On Being a Blessing

There was an invisible pall hanging over the banquet hall.

An annual feel-good celebration of a cherished cause, the room was filled with friends and supporters of the San Francisco Free Clinic. The Clinic offers medical care for the uninsured; the pall had to do with the new President-Elect’s pledge to increase the ranks of those uninsured by unknown millions by immediately repealing the Affordable Healthcare Act.

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For 23 years, SFFC supporters have filled the same banquet hall. The annual event, initiated by the late San Francisco investor/philanthropist Warren Hellman and his wife Chris, generates the entire budget for SFFC’s operation. Not coincidentally, the San Francisco Free Clinic was founded 23 years ago by the Hellmans’ daughter and son-in-law, Tricia and Richard Gibbs, two young physicians who decided to throw over the prospects of their lucrative medical practices in favor of starting a free clinic for the growing ranks of uninsured in need of quality medical care.

(Full proud disclosure, this writer and her husband have been supporters of the Free Clinic since its opening day.)

A highlight of the annual event has always been brief closing remarks from the host, and after Hellman’s death, this task fell to the Drs. Gibbs. This year, Richard Gibbs said a few words and then turned the podium over to his wife.piggy-bank-w-stethoscope

“One thing I have now learned,” she said, “is never to write a speech the day before an election.” She went on to explain how the Free Clinic has made incremental progress in its mission every year since its founding, and she had prepared remarks about that narrative with the expectation that this would continue. With the election of Donald Trump, though, comes the realization that the story of ongoing progress – Clinic staff not only provide care, they regularly guide clients into finding affordable insurance – will encounter a speedbump. Acknowledging that many in the room probably voted for Mr. Trump, and that politics would be inappropriate to the event, Gibbs said she still had wanted to find a way her remarks could be relative and upbeat.

So she turned to the story of Abraham. Gibbs is a serious student of the Torah, and would not have had to spend extra time on recalling that story. She noted that Abraham’s narrative was not incrementally always upward, but had its own speedbumps.be-a-blessing

“God told Abraham to be a blessing,” she said. “And I realize that’s what we can do. You are all a blessing to (the Free Clinic.) We can all go out and be a blessing.”

For election week in California, it was a reassuring thought.

 

Bluegrass for World Peace

A million or so music fans and sun seekers found themselves in Golden Gate Park this weekend listening to the likes of Emmylou Harris, Steve Martin, Hazel Dickens, Earl Scruggs, Boz Skaggs & the Blue Velvet Band, and a long list of other music makers you will recognize if your bluegrass credentials are up to date. There were about 75 bands in all, on six stages scattered around several meadows. I missed The Brothers Comatose, and Booker T & the Drive-by Truckers, and I worried a little about The Flatlanders tooling around these San Francisco hills, but for sheer exuberant free entertainment, Hardly Strictly Bluegrass 9 could hardly have been beat.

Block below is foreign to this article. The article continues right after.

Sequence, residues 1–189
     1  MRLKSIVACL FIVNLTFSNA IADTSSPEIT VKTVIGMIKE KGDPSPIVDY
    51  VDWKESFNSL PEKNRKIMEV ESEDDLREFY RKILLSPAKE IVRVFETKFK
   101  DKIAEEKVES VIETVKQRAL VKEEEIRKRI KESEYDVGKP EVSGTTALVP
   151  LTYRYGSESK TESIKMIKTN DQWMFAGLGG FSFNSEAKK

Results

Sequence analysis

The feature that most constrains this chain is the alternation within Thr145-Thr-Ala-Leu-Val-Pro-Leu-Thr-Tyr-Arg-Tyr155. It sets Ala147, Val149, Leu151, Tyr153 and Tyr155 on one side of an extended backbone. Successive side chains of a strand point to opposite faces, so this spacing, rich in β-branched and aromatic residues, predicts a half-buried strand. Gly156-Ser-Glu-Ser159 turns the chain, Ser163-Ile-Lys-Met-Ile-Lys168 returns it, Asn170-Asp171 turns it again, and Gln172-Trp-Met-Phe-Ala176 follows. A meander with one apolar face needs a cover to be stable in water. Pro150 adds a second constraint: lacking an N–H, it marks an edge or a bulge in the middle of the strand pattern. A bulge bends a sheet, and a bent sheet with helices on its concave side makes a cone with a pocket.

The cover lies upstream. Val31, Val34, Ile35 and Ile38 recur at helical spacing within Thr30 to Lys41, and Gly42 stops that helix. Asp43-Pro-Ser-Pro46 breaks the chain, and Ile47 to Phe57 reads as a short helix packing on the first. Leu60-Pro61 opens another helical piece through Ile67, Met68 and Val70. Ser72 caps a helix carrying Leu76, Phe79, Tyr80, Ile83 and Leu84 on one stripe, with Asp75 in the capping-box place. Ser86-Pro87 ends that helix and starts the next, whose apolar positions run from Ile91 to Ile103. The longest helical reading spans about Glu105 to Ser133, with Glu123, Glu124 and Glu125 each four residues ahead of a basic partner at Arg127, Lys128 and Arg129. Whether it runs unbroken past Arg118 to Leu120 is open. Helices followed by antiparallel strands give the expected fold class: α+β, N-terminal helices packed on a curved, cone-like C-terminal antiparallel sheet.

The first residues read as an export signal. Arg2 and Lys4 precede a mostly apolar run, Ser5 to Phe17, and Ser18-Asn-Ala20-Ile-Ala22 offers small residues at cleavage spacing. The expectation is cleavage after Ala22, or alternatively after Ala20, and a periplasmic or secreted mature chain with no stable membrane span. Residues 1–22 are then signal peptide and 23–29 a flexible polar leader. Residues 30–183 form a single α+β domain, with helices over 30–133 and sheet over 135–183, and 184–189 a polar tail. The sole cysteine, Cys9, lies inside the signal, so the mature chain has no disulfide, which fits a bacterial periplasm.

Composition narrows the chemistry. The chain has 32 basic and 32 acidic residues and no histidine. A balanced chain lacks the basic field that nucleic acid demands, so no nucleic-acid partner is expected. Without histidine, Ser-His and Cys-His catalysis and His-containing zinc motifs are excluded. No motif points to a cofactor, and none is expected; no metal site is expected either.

The free part is thanks to local billionaire Warren Hellman, a banjo-picker, bluegrass enthusiast extraordinaire and one-man stimulus package — he does a little investment banking on the side — who has thrown this party for the past nine years and has now endowed it so it will be around in perpetuity. The fact that much of the music sung by these musicians is pure anti-billionaire dampens no spirits, Hellman’s least of all.

(The top ticket, of course, was our weekend houseguest Don Betts, faithfully YouTube’d by his wife Annie as he performed that great American classic “I just don’t look good naked any more.” Betts was introduced by Hellman, whose  group The Wronglers kicked off Saturday on Porch Stage. In addition to making money and playing banjo, Hellman is an an avid champion of the sport of Ride & Tie, and Betts is current R&T Association president… but that’s probably another blog. )

A little bluegrass celebration has never been needed more. What with the world having pretty much gone to hell, there is something immensely comforting in hanging out with a few thousand fellow sufferers grooving to songs about bad whiskey and love gone wrong — problems you can identify with and get your mind around. Not to mention damning corporate greed and evil rich guys, pausing every now and then for a standing ovation for one of Them who just dropped a few million in household change on your glorious weekend out. It all somehow fits right in with a tanked job market and universal political comedy.

A few decades back this music — or what sounded exactly like this music — was called Country. It was rousing and redneck and not cool. Bluegrass is cool. Hellman’s buddies came in every race, creed, color and national origin, ranged from in utero to way-80s, recycled everything and smiled whiled jostling for dancing space. I submit bluegrass as palliative care for the world.